mental health awareness week

Mental Health During the COVID-19 Pandemic 

May 19, 2020 6:01 am Published by

Mental Health During the COVID-19 Pandemic 

 May 18th – May 24th is Mental Health Awareness week, this year the theme is ‘Kindness’ and let’s face it, it couldn’t be happening at a stranger or better time? One of the positive things to come out of the lockdown that we have found ourselves in – is our increased awareness of others and their needs. Who doesn’t know of a vulnerable neighbour or older family member who needs checking on? However, we’re so focussed on looking out for others that sometimes we neglect ourselves. So, how is your mental health during the COVID-19 pandemic? 

It’s essential to take time out, particularly during times of stress or uncertainty to assess your mood. Should you find yourself feeling low, there are things you can do yourself to help elevate your mood.  

  • Mindfulness – by taking the time to sit with your thoughts, you can uncover what’s bothering you. It’s not easy and takes time and practice. But, by being in the present and taking time out of your day to breathe and concentrate on how you feel in the now is not only calming but can also be very grounding. If you’re feeling stressed about the future mindfulness is an excellent way of appreciating where you are right now and not focus on the unknown. 
  • Get some fresh air – yes, you may not feel like it but getting outside (now that we can) can help your mental health. Going for a walk, paying attention to your surroundings and taking some deep breaths can be incredibly therapeutic (you’re also getting some exercise). Fortunately, this is happening now, in the Spring. Longer daylight hours mean we can go for an evening stroll rather than sitting on the sofa and watching the news (which, if we’re honest can be reasonably depressing anyway). 
  • Eat well – There’s never been a better time to hone your cooking skills, trying new food and recipes from scratch can be a creative experience. It’s also a great way of getting some healthy food into you. Step away from the junk, yes, it’s comforting and totally fine occasionally. But we all know a balanced diet helps you feel better, not only physically but mentally too.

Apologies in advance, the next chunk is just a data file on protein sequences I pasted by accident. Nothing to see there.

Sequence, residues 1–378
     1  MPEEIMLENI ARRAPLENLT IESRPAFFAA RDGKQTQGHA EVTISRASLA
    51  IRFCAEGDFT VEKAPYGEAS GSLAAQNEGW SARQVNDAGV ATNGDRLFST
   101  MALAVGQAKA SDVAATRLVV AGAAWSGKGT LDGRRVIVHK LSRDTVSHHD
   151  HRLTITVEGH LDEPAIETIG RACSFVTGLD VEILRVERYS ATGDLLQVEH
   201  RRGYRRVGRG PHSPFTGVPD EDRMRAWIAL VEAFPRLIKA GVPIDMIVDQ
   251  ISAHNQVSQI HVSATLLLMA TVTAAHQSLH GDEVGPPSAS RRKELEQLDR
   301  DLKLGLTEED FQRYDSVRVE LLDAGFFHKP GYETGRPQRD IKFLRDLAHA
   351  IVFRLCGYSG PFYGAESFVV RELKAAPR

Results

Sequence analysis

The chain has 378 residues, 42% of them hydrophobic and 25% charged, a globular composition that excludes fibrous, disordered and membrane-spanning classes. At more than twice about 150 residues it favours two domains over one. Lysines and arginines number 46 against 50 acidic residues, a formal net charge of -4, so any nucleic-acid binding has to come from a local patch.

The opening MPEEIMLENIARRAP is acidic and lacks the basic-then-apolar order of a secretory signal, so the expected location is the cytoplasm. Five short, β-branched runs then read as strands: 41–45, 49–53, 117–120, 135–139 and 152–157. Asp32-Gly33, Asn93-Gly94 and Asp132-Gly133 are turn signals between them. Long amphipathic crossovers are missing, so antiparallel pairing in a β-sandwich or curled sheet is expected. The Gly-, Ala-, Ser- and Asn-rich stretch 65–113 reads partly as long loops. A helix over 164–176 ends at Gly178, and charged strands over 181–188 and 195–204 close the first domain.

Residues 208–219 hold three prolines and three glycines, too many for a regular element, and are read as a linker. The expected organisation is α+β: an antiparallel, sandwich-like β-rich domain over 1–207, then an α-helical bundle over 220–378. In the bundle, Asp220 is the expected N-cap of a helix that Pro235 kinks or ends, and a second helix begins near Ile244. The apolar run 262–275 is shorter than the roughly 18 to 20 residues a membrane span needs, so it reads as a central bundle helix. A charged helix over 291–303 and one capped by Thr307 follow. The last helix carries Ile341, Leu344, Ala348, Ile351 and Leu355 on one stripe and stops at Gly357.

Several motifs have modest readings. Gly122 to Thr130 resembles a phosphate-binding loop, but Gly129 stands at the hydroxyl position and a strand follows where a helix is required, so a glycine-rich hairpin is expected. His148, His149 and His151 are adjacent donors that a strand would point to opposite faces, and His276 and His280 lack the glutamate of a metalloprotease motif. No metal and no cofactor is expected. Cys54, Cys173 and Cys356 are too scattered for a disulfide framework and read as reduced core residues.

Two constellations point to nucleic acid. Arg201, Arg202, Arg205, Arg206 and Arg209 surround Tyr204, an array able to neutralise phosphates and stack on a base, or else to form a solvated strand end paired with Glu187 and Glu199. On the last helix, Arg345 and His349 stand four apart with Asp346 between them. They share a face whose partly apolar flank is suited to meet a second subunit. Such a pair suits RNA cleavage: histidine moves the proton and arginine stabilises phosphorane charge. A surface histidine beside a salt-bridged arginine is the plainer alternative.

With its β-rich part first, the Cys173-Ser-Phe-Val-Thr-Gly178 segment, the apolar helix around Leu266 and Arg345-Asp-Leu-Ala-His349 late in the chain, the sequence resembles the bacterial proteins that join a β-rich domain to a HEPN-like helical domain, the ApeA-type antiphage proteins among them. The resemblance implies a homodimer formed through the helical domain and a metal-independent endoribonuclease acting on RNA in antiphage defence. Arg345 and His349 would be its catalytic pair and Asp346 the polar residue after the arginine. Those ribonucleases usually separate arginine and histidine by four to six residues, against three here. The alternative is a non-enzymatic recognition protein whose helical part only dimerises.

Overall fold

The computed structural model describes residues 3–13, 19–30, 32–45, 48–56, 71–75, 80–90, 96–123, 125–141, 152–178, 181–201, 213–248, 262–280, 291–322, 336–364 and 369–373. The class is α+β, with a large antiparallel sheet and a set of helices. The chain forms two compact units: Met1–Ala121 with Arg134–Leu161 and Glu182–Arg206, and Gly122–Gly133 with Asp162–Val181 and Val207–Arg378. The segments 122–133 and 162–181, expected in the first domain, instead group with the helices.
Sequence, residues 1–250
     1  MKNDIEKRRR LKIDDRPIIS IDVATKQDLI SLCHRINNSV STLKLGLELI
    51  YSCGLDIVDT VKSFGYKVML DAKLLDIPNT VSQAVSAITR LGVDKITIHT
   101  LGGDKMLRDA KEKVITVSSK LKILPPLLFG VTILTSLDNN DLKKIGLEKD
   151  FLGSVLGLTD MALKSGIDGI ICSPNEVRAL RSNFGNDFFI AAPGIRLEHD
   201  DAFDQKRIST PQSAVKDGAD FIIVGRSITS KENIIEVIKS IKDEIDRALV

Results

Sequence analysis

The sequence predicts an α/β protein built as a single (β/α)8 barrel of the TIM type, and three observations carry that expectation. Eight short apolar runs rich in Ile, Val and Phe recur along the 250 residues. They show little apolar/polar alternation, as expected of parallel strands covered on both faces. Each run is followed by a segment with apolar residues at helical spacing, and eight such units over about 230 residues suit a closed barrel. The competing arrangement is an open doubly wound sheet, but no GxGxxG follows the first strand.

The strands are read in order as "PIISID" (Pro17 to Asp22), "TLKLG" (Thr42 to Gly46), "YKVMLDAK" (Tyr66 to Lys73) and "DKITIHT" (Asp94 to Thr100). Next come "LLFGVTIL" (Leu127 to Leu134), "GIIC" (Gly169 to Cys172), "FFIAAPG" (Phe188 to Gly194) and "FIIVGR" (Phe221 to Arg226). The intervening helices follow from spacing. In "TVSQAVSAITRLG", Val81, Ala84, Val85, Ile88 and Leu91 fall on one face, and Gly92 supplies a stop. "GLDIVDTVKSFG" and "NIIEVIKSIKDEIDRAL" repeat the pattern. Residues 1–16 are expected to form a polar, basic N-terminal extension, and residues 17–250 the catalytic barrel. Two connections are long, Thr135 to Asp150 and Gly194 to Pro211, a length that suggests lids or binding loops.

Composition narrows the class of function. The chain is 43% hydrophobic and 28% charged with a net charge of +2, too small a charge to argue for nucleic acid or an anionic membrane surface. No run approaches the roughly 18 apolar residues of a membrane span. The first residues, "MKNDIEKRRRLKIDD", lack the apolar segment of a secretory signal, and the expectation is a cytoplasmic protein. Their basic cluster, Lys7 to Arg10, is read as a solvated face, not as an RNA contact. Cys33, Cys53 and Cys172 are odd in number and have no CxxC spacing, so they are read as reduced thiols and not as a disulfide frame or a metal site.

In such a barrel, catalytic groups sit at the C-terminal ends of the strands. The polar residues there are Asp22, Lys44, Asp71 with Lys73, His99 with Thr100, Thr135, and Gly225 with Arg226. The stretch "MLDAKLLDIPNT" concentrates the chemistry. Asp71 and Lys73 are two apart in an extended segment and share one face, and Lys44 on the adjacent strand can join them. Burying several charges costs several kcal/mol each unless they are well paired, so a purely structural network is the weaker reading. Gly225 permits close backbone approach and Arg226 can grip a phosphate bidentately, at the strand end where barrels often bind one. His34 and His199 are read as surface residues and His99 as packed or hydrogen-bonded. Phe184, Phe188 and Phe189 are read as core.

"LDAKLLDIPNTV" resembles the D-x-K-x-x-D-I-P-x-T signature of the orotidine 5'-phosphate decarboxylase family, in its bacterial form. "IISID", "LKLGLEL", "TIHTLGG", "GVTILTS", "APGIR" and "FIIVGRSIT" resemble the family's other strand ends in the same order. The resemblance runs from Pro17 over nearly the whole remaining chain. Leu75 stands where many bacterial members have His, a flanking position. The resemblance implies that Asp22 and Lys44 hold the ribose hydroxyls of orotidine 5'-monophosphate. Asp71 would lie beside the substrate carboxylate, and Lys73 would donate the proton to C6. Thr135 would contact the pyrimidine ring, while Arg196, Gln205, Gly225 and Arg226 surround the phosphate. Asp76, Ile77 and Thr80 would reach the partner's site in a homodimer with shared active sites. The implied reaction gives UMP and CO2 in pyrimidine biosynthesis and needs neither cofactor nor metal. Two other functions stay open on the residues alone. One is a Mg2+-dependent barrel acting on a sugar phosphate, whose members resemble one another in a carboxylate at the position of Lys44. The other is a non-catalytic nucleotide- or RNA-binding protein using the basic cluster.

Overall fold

• Talk – It’s difficult to reach out when you’re feeling low. Most people worry about ‘bothering’ others with their problems. Yet, if we all feel this way at some point then we must all know how difficult it is. Would you tell a friend they were bothering you if they reached out? No. The saying ‘a problem shared is a problem halved’ says it all. Just opening up to one close friend or family member can be an enormous relief. If you do struggle to talk some organisations can help such as The Samaritans by dialling 116 123 (free) there is always someone there 24/7, 365 days a year. 


 Finally, it’s important to remember that this is a once in a lifetime situation we have found ourselves in. While it seems overwhelming at times, it will pass, and life will go back to some semblance of normality at some point in the future. The most important things to remember are to stay safe, stay sane & look after ourselves as well as others. 

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This post was written by Charlotte K

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